“I perhaps don’t read or write enough and yet always feel like I am reading, like I am writing.” Ives doubts this statement—thus, “perhaps.” Does Ives feel she doesn’t read enough useful writing? Writing that challenges &/or inspires? What is she reading instead of Susan Howe’s (short) essay? (42.)
“…(some kind of essay on collage). Attempting to ‘see’ the way in which the eye cuts out.” The eye pre-cuts what is cut by scissors / blade. Un Chien Andalou. (47.)
“Christine on literary realism: This is when coincidence and personal connections (interrelatedness) drive a story….” Christine, the titular evil car from Stephen King’s novel. Christine drives a story. (50.)
“When I was 13 I swore to myself that I would become a novelist.” Ives is a novelist. I have not read her first novel, nor have I read her third novel Life Is Everywhere (daily life?). From the publisher’s description, Life Is Everywhere is about a writer in a graduate writing program & about unpublished manuscripts. Loudermilk, Ives’ second novel, is also about writers in a graduate writing program (& the non-writer who fools everyone). Does Ives’ vow, made at age 13, interfere with her writing now? (53.)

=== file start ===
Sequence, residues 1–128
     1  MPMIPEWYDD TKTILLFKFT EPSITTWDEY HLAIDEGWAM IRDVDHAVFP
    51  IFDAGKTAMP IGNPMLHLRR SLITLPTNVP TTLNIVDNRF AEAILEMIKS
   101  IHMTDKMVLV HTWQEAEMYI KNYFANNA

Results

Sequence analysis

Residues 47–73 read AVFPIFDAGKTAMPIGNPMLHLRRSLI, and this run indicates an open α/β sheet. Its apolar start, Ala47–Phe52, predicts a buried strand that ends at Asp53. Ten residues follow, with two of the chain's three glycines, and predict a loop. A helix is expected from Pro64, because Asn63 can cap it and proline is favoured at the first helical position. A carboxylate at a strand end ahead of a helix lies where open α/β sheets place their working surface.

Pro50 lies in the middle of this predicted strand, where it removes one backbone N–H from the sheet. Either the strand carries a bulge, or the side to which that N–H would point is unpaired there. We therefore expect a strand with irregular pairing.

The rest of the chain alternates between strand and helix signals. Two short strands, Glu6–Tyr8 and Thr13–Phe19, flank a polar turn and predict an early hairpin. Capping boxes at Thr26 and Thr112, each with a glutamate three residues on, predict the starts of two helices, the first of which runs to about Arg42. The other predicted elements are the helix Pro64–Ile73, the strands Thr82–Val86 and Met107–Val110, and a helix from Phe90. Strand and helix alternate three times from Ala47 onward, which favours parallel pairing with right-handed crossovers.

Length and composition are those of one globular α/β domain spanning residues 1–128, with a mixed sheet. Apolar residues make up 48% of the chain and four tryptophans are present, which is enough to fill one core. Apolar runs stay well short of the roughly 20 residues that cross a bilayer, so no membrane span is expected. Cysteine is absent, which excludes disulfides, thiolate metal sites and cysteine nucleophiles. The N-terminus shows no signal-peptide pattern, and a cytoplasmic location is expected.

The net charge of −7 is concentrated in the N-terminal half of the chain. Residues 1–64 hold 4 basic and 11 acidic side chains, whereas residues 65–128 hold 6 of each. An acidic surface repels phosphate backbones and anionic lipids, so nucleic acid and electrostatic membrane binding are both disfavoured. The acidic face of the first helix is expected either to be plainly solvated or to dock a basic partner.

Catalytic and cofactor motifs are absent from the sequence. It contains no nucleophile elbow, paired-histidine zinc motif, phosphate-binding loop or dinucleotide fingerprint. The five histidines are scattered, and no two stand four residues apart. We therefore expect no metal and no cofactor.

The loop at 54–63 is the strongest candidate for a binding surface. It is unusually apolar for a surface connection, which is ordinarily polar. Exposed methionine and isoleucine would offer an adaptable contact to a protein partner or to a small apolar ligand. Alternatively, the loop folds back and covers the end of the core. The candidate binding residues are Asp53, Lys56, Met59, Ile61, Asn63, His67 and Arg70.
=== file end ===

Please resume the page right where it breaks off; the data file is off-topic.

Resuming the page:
“A dream: A night goes on for years. One must make use of public transportation in order to cross it.” To cross the night? Read E. M. Forster’s “The Celestial Omnibus.” (58.)
Dreams acted upon when awake. (68.)
“I spent many years with a strong, almost violent feeling that there was much to live for, although I may have been inactive for much of this time.” A lust for life, but a life of fantasy & idea made actual on the page. (69.)
“Is there that which can only be seen in a glance?” See Ives’ collage essay idea. Ghosts. (70.)
In death, we are sent to the place where our belongings are & while our belongings remain we are never able to leave that place. Ghosts linger by their stuff. If, retroactively, we declare that property belongs to people long dead, we exile them to that spot. (73.)
Ideas decay as dream do. (77.)
[All quotes, unless otherwise attributed, are from Lucy Ives’ The Hermit, The Song Cave, 2016. The parenthetical numbers correspond to the numbered sections in The Hermit—there are no page numbers. I wrote about The Hermit before; that essay appears in 3AM Magazine. Ives read my essay & kindly responded, “Thank you, Adam! This is fascinating. I appreciate your sleuthing, re: the meanings of the text.”]
Tuesday, June 7, 2022
235. Nancy Wheeler wears } an Emerson T.
Saturday, June 4, 2022
234. Clint Smith } loiters low.
I’ve read “Lovenest,” Clint Smith’s contribution to Looming Low II (from Dim Shores, due this fall). I won’t spoil it other than to say it’s fun &…